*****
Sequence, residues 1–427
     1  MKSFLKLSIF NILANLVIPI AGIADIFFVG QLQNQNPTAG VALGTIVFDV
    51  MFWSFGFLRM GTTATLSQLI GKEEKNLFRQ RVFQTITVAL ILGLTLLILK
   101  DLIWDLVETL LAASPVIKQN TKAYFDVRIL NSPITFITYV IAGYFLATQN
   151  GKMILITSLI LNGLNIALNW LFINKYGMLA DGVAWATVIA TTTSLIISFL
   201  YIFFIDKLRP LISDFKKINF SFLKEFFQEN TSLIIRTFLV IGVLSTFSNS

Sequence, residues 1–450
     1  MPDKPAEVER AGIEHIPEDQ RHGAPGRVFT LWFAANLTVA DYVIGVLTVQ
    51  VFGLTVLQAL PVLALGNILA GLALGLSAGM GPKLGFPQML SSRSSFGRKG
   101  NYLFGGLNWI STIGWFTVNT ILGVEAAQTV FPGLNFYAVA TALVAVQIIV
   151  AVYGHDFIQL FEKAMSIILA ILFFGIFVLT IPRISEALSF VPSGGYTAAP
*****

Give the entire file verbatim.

Sequence, residues 1–427
     1  MKSFLKLSIF NILANLVIPI AGIADIFFVG QLQNQNPTAG VALGTIVFDV
    51  MFWSFGFLRM GTTATLSQLI GKEEKNLFRQ RVFQTITVAL ILGLTLLILK
   101  DLIWDLVETL LAASPVIKQN TKAYFDVRIL NSPITFITYV IAGYFLATQN
   151  GKMILITSLI LNGLNIALNW LFINKYGMLA DGVAWATVIA TTTSLIISFL
   201  YIFFIDKLRP LISDFKKINF SFLKEFFQEN TSLIIRTFLV IGVLSTFSNS

Sequence, residues 1–450
     1  MPDKPAEVER AGIEHIPEDQ RHGAPGRVFT LWFAANLTVA DYVIGVLTVQ
    51  VFGLTVLQAL PVLALGNILA GLALGLSAGM GPKLGFPQML SSRSSFGRKG
   101  NYLFGGLNWI STIGWFTVNT ILGVEAAQTV FPGLNFYAVA TALVAVQIIV
   151  AVYGHDFIQL FEKAMSIILA ILFFGIFVLT IPRISEALSF VPSGGYTAAP